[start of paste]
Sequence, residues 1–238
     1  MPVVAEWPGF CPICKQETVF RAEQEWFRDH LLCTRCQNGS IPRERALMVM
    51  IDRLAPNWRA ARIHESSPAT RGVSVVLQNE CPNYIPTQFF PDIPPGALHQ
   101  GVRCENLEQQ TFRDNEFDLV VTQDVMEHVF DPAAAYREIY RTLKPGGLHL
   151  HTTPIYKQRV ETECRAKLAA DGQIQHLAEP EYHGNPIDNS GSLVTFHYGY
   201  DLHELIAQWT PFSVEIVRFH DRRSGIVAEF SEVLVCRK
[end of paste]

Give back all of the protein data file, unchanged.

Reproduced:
Sequence, residues 1–238
     1  MPVVAEWPGF CPICKQETVF RAEQEWFRDH LLCTRCQNGS IPRERALMVM
    51  IDRLAPNWRA ARIHESSPAT RGVSVVLQNE CPNYIPTQFF PDIPPGALHQ
   101  GVRCENLEQQ TFRDNEFDLV VTQDVMEHVF DPAAAYREIY RTLKPGGLHL
   151  HTTPIYKQRV ETECRAKLAA DGQIQHLAEP EYHGNPIDNS GSLVTFHYGY
   201  DLHELIAQWT PFSVEIVRFH DRRSGIVAEF SEVLVCRK